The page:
Brains, Like Plants, Never Stop Growing
New varieties, new procedures not to mention the new gardeners each year with dozens of question. Keeping up to date with the industry takes as much work as caring for your inventory. However, your expertise, including knowing which plants will work best in your area, is your competitive advantage over big boxes. So, just as your plants, your brain should never stop growing, and the “fertilizer” is continuing education.
Knowing Where to Start
If you’re not located near a college with a horticultural program, there are other options available to you. Your local Cooperative Extension offi ce is a good place to start; their universities offer programs tailored to the industry. Trade organizations may also frequently offer training and certifi cation for your workers.
The Ohio Nursery and Landscape Association (ONLA), which celebrates its 100th anniversary this year, sponsors its Central Environmental Nursery Trade Show (CENTS) each January. In addition to the trade show, educational workshops administered by Ohio State University (OSU) allow attendees to gain or renew certifications.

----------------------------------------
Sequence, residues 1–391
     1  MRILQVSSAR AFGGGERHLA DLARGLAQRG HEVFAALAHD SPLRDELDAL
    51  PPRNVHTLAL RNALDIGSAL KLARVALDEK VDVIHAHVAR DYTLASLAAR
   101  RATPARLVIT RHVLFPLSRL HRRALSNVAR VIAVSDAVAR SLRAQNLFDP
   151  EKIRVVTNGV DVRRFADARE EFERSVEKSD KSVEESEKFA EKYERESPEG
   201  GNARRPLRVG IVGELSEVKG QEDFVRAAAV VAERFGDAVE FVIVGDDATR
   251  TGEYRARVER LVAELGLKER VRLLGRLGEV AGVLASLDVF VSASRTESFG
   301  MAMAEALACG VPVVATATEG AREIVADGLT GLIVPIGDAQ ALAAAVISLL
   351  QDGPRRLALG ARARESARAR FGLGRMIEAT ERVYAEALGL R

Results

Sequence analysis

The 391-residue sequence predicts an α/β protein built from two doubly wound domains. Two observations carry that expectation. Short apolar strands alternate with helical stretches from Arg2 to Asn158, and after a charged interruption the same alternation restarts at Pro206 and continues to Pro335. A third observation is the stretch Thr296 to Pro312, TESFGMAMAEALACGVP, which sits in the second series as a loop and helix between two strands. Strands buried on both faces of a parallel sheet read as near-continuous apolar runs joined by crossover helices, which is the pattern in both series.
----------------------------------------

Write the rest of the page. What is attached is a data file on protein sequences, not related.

“We tried to do standalone education, but that hasn’t worked well. People wait for the CENTS short course, send one employee to each track, then when they get home, they trade notes with each other,” says ONLA Executive Director Bill Stalter. “ONLA sponsors the Ohio Certifi ed Nursery Technician program, which is mostly self-study. We administer tests during CENTS and in the summer. People can also qualify for the Master Ohio Certifi ed Nursery Technician status, which involves three areas: landscape, retail center and grower tests. Also, ONLA gets the word out to the public: Shop where Certifi ed Technicians are employed.”
“We’ve partnered with ONLA since 1931,” says Cheryl Cuthbert, program coordinator for OSU’s Department of Horticulture and Crop Science. “CENTS’ educational sessions occur two out of three days around trade show hours, with special workshops on the weekend. We offer up to 11 tracks per day, perhaps four sessions for arborists, four for soil conservation and so on.